Art Inspires, Supports, and Gives Hope to those Fighting Cancer

For six years local artists have donated art to inspire fundraisers, give hope to patients, and support creative researchers looking for new ways to fight and treat cancer.

Focus article photo

NCCC Director Mark Israel; artist Ben Frank Moss; former Friends board member Jane Kitchel McLaughlin; Executive Director, Friends of Norris Cotton Cancer Center Jean Brown; Hood Museum Director Michael Taylor

There are many ways to participate in the Prouty: people walk, row, bike, golf, or join the more than 1,200 volunteers at the 2-day event. In recent years local artists have contributed an annual Pinnacle Prize, very limited editions of artwork given to anyone who raises $10,000 for the Prouty. On May 16, 2013, more than 90 people gathered at the Hood Museum for the unveiling of this year's Pinnacle Prize by Ben Moss.

Michael Taylor, director of the Hood, introduced Moss, who taught for 20 years at Dartmouth and was the George Frederick Jewett Professor of Studio Art and chairman of the Studio Art department before retiring in 2008. One of the most influential and highly regarded landscape painters working today, Moss has had more than 60 solo exhibitions and his work is owned by 43 museum collections.

"These paintings reveal his deep understanding of color and nature, which he distills into nuanced evocation of horizon and air, earth, and sky," Taylor said in his introduction. "Rather than painting on site from photographs, he paints expansive, luminous landscapes from memory and his imagination."

The 2013 Pinnacle Prize prints, created from oil on paper original, are titled Mount Promise. "For me, the sea and the mountains extend an invitation, a question, a mystery, movement towards the grand and a sense of home. When I start, at best, I might see a landscape, and it's after that it suggests hopefully something of a mystery that can't be explained," he told the group. "There are those who have seen this painting who insist that the background is a cloud, and for others it is a mountain."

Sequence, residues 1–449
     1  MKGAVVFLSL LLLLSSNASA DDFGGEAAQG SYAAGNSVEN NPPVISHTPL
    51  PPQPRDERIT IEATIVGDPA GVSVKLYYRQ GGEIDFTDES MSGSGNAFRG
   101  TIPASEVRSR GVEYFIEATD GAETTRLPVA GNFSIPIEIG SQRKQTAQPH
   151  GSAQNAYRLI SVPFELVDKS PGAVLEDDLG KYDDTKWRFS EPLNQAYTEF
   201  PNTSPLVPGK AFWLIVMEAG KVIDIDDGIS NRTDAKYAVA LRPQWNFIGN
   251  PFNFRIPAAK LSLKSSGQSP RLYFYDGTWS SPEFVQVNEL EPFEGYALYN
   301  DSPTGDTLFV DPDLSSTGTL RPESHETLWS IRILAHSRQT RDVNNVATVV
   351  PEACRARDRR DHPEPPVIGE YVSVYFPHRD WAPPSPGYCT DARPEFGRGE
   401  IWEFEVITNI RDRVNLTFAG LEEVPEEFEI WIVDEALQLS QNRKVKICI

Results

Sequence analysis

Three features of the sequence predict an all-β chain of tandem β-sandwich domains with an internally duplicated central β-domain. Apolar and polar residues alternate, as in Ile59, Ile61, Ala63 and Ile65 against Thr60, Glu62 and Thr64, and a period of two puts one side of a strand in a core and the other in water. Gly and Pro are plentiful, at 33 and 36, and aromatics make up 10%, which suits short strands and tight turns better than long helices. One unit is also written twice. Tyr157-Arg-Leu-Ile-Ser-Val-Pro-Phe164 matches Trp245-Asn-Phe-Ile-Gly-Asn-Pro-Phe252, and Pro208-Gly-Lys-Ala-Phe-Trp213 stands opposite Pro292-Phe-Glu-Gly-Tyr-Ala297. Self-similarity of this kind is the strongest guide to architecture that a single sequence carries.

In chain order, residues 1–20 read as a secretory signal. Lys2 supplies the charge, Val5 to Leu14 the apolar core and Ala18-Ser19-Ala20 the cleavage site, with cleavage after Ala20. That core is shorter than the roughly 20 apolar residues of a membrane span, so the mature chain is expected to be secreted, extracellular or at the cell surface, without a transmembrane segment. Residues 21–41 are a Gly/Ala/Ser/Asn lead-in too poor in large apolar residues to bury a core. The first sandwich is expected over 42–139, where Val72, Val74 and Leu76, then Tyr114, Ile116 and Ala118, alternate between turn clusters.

For Jane Kitchel McLaughlin, former Friends board member, long-time volunteer, and one of those who first reached out to local artists, the image is reminiscent of parts of the Prouty Ultimate course, which she has ridden many times on her bicycle. She was especially drawn to the fact that while an abstract, the image evokes stretches of the route where riders look out over views of Mount Cube.

Ben Moss - The Prouty
Artist Ben Frank Moss with Mount Promise

Moss, whose wife is a breast cancer survivor and whose own radiation treatment for breast cancer was completed just six months ago, noted that it was wonderful to see art on the walls on his many visits to NCCC. He hopes Mount Promise— "representing the possible"—will assist those who encounter the original painting at the hospital, where it is now part of the NCCC collection.

Local artists make a difference in the fight against cancer

Now in its 32nd year, the Prouty has raised more than $17 million to fund research that uncovers better ways to diagnose, treat, and prevent cancer. The event attracts a passionate community of participants eager to contribute something, each in their own way, to help fight cancer.  Past contributing artists include woodcut artist Sabra Field, potter Miranda Thomas, painter Henry Isaacs, glass artist Simon Pearce, and artist Margaret Lampe Kannenstine.

"It is really remarkable that every single artist we have approached has said yes," said McLaughlin. "Each has been touched by cancer, either through their own treatment or through a significant relationship with someone who has experienced the disease."

Taking a chance on the unknown brings hope

"The Prouty brings people together to participate in giving people hope," said Mark Israel, director of NCCC. "Prouty dollars support patient and family services, and scientists with creative ideas. This funding allows researchers to take a chance on the unknown, and supports preliminary studies that provide the data required for applications for larger grants." From 2006-2010 Prouty pilot grants of $1.2 million dollars went on to bring in more than $20 million in federal grants.

The 2012 Prouty Pilot Grants are allowing researchers to explore new approaches to fighting cancer, including:

  • developing ways to use the body's immune system to identify and attack metastatic tumors
  • multi-spectral optical imaging of brain tumor resection
  • discovering novel drug combinations for the treatment of Chronic Lymphocytic Leukemia

This year's Prouty is on July 12 and 13, 2013. To see how you can contribute, visit The Prouty.

May 20, 2013